Today, bicycles are elegantly simple machines that are common around the world. Many people ride bicycles for recreation, whereas others use them as a means of transportation. The first bicycle, called a draisienne, was invented in Germany in 1818 by Baron Karl de Drais de Sauerbrun. Because it was made of wood, the draisienne wasn’t very durable nor did it have pedals. Riders moved it by pushing their feet against the ground.
In 1839, Kirkpatrick Macmillan, a Scottish blacksmith, invented a much better bicycle. Macmillan’s machine had tires with iron rims to keep them from getting worn down. He also used foot-operated cranks, similar to pedals, so his bicycle could be ridden at a quick pace. It didn’t look much like the modern bicycle, though, because its back wheel was substantially larger than its front wheel. Although Macmillan’s bicycles could be ridden easily, they were never produced in large numbers.
In 1861, Frenchman Pierre Michaux and his brother Ernest invented a bicycle with an improved crank mechanism. They called their bicycle a velocipede, but most people called it a “bone shaker” because of the jarring effect of the wood and iron frame. Despite the unflattering nickname, th velocipede was a hit. After a few years, the Michaux family was making hundreds of the machines annually, mostly for fun-seeking young people.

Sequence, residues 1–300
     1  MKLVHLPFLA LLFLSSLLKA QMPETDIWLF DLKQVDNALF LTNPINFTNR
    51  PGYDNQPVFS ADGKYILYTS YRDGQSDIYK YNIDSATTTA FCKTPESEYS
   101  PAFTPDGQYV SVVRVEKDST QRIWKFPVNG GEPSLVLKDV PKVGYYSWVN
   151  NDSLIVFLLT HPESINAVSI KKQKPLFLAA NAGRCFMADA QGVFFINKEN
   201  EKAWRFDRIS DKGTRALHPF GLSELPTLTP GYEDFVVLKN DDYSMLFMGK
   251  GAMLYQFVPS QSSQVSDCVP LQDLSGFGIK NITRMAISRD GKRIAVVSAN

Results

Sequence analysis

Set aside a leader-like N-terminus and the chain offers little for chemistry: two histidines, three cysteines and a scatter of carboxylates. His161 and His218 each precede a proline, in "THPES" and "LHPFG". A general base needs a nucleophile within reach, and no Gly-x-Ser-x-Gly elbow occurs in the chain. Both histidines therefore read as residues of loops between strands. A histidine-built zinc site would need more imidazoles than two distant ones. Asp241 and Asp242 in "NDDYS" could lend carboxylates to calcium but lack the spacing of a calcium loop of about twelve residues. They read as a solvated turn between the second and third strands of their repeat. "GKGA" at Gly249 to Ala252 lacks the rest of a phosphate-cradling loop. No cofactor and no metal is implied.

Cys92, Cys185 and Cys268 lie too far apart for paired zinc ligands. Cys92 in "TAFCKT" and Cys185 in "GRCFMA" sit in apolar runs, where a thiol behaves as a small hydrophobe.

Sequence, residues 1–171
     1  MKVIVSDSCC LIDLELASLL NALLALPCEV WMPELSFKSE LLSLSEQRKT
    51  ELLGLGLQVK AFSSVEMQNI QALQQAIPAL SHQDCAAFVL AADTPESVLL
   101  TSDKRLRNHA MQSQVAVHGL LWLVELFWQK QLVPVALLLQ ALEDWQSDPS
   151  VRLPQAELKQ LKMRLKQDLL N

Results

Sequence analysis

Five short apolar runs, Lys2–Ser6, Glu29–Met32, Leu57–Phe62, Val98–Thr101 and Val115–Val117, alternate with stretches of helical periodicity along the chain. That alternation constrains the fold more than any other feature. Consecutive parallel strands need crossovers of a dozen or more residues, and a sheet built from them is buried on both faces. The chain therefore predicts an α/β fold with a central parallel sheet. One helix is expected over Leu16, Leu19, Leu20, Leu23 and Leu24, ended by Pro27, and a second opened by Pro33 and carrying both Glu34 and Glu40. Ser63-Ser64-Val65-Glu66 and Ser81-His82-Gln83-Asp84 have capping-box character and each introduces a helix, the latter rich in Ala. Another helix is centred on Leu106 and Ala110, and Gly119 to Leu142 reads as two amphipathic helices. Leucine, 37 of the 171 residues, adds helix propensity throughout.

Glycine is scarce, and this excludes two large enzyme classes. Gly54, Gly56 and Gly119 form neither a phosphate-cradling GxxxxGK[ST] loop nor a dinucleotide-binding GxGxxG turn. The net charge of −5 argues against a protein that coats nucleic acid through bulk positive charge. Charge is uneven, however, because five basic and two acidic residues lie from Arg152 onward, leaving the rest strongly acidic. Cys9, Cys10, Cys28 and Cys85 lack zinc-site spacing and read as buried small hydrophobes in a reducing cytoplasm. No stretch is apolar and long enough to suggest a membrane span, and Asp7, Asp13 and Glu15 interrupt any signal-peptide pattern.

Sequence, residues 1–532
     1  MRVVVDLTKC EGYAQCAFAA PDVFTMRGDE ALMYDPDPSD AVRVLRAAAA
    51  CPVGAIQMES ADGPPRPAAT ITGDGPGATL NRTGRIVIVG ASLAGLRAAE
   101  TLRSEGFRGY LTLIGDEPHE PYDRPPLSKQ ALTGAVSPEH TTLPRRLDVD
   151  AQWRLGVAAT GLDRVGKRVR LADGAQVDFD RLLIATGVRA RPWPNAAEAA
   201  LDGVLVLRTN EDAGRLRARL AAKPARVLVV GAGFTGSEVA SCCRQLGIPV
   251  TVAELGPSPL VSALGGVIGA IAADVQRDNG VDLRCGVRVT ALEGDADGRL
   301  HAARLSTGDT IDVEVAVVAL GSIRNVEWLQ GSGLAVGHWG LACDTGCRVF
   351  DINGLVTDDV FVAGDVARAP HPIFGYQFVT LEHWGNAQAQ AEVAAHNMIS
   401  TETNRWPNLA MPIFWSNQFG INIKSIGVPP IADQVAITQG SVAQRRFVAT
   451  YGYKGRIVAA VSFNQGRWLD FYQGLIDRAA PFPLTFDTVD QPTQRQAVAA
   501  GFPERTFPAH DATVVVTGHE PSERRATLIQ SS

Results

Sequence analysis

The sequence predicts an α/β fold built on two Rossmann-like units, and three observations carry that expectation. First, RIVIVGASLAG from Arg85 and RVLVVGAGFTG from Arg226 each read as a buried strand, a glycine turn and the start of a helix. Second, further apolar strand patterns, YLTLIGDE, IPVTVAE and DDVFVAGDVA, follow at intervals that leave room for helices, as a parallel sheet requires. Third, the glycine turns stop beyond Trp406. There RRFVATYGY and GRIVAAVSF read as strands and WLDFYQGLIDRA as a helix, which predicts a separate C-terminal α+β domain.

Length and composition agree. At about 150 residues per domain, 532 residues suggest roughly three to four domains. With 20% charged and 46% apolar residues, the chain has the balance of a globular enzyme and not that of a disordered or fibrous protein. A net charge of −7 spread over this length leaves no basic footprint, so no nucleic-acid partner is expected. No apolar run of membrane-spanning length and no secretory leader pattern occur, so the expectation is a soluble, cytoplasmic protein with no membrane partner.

Ten years later, James Starley, an English inventor, made several innovations that revolutionized bicycle design. He made the front wheel many times larger than the back wheel, put a gear on the pedals to make the bicycle more efficient, and lightened the wheels by using wire spokes. Although this bicycle was much lighter and less tiring to ride, it was still clumsy, extremely top-heavy, and ridden mostly for entertainment.
I wasn’t until 1874 that the first truly modern bicycle appeared on the scene. Invented by another Englishman, H J Lawson, the safety bicycle would look familiar to today’s cycles. The safety bicycle had equal-sized wheels, which made it much less prone to toppling over. Lawson also attached a chain to the pedals to drive the rear wheel. By 1893, the safety bicyle had been further improved with air-filled rubber tires, a diamond-shaped frame, and easy braking. With the improvements provided by Lawson, bicycles became extremely popular and useful for transportation. Today, they are built, used, and enjoyed all over the world.
5.Read the following sentence from the fourth paragraph:
Ten years later, James Starley, an English inventor, made several innovations that revolutionized bicycle design.
As it is used in the sentence, the underlined word revolutionzed most nearly means